Thorac Cardiovasc Surg 2020; 68(08): 706-713
DOI: 10.1055/s-0039-3400471
Original Cardiovascular

Post-Coronary Artery Bypass Medications in Dialysis Patients: Do We Need to Change Strategies?

Yu-Ning Hu
1  Department of Surgery, Division of Cardiovascular Surgery, National Cheng Kung University College of Medicine, Tainan, Taiwan
,
Chwan-Yau Luo
1  Department of Surgery, Division of Cardiovascular Surgery, National Cheng Kung University College of Medicine, Tainan, Taiwan
,
Meng-Ta Tsai
1  Department of Surgery, Division of Cardiovascular Surgery, National Cheng Kung University College of Medicine, Tainan, Taiwan
,
Ting-Wei Lin
1  Department of Surgery, Division of Cardiovascular Surgery, National Cheng Kung University College of Medicine, Tainan, Taiwan
,
Chung-Dann Kan
1  Department of Surgery, Division of Cardiovascular Surgery, National Cheng Kung University College of Medicine, Tainan, Taiwan
,
Jun-Neng Roan
1  Department of Surgery, Division of Cardiovascular Surgery, National Cheng Kung University College of Medicine, Tainan, Taiwan
2  Medical Device Innovation Center, National Cheng Kung University College of Medicine, Tainan, Taiwan
3  Institute of Clinical Medicine, National Cheng Kung University Hospital, College of Medicine, National Cheng Kung University, Tainan, Taiwan
› Author Affiliations
Funding National Cheng Kung University Hospital (Grant/Award Number: “NCKUH-10803027” to YNH) and National Science Institute (Grant/Award Number: “MOST 108–2314-B-006–097” to JNR).

Abstract

Background Coronary artery bypass grafting (CABG) is frequently performed in patients with end-stage renal disease (ESRD) together with severe coronary artery disease, after which, patients with ESRD have higher surgical risk and poorer long-term outcomes. We report our experience in patients with ESRD who survived in CABG and identify predictors of long-term outcomes.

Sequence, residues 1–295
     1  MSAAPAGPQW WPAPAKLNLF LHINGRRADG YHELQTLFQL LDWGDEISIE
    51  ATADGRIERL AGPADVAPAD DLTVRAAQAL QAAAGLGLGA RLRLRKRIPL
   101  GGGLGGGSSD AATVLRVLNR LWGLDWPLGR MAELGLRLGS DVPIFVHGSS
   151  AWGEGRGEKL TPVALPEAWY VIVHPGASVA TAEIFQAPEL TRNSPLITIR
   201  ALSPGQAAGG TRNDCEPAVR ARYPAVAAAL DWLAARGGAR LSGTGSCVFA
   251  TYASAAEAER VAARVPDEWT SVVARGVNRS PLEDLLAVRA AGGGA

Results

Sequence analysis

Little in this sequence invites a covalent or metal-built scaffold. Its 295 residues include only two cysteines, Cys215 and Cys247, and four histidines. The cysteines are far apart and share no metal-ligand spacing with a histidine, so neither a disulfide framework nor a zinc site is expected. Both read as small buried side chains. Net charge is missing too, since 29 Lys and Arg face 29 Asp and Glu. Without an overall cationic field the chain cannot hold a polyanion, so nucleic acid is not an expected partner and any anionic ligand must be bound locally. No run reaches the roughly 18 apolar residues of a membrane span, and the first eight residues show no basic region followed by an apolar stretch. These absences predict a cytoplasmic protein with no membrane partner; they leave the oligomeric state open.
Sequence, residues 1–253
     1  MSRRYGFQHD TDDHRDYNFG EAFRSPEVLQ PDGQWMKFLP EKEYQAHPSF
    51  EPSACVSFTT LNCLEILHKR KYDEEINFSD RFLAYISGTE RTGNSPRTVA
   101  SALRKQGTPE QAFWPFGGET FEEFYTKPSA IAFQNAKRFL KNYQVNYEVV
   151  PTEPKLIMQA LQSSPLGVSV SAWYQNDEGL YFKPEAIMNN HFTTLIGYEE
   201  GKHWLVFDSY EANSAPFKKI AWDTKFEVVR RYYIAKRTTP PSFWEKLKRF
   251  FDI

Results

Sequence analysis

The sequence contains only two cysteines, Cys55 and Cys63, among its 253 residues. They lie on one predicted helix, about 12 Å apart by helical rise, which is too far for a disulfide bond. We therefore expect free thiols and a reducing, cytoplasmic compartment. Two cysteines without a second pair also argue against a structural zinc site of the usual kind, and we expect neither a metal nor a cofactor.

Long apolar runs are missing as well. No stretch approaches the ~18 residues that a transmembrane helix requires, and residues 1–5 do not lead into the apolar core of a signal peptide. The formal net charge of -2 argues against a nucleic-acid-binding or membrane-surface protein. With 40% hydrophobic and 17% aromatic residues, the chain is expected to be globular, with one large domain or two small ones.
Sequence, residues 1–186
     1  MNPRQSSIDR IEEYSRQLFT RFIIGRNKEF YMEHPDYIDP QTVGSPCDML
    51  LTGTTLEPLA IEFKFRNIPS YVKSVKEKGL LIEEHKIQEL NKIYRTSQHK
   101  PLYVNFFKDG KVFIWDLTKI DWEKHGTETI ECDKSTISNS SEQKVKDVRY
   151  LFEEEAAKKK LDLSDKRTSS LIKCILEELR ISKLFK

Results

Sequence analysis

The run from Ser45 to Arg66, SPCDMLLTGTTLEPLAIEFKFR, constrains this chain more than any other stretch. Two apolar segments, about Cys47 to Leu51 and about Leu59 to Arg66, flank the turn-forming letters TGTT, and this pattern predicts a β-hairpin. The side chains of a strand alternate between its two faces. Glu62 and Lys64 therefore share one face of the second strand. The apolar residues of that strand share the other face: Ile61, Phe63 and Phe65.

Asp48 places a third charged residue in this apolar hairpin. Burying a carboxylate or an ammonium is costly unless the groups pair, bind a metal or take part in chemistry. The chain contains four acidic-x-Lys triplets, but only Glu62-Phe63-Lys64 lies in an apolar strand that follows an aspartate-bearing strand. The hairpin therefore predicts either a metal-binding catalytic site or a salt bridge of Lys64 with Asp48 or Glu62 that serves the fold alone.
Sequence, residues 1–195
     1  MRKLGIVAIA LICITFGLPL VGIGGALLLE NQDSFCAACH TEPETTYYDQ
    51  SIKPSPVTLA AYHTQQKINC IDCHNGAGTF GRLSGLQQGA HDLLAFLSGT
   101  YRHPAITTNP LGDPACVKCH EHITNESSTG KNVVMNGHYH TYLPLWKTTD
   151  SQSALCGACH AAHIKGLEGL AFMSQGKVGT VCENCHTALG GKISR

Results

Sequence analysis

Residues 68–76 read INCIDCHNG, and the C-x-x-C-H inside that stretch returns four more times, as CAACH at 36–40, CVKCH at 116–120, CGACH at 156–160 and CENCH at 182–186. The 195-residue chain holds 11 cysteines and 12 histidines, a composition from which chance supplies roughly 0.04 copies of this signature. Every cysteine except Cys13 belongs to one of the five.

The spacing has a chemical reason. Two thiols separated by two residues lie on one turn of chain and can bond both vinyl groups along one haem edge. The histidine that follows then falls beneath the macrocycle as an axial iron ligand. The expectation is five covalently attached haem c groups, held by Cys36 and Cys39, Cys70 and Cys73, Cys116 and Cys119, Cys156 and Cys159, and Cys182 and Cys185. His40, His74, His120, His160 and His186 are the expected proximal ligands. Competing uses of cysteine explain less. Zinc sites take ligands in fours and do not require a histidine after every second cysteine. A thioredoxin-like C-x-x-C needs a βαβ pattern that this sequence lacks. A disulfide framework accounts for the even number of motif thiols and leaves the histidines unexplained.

Methods We retrospectively investigated 93 consecutive patients with ESRD who survived to discharge after isolated CABG between January 2005 and December 2016 at our institution. Long-term outcomes, including all-cause mortality after discharge, readmission due to major adverse cardiac events, and reintervention, were evaluated. Predictors affecting long-term outcomes were also analyzed.

Results The rates of freedom from all-cause mortality after discharge in 1, 3, 5, and 10 years were 92.1, 81.3, 71.9, and 34.9%, respectively. The rates of freedom from readmission due to major adverse cardiac events in 1, 3, 5, and 10 years were 90.7, 79.1, 69.9, and 55.6%, respectively. The rates of freedom from reintervention in 1, 3, 5, and 10 years were 95.3, 86.5, 79.0, and 66.6%, respectively. Postoperative β-blocker and statin use significantly improved overall long-term survival (β-blocker, p = 0.013; statin, p = 0.009). After case–control matching, patients who received statins showed better long-term survival than those without statins. The comparison of long-term survival between patients with and without β-blockers showed no significant difference after matching.

Conclusions After CABG, dialysis patients who survived to discharge had acceptable long-term overall survival. Post-CABG statin use in dialysis patients is a predictor of better long-term survival.

Statement of Ethics

The hospital's Institutional Review Board approved the study (IRB: A-ER-107–171).


Disclosure Statement

None declared.


Authors' Contributions

Conception and design of study: Chwan-Yau Luo, Jun-Neng Roan


Acquisition of data: Yu-Ning Hu, Ting-Wei Lin


Analysis and/or interpretation of data: Yu-Ning Hu, Chung-Dann Kan


Drafting the manuscript: Yu-Ning Hu


Revising the manuscript: Meng-Ta Tsai, Jun-Neng Roan


Approval of the version of the manuscript: Chwan-Yau Luo, Jun-Neng Roan




Publication History

Received: 24 May 2019

Accepted: 09 October 2019

Publication Date:
31 December 2019 (online)

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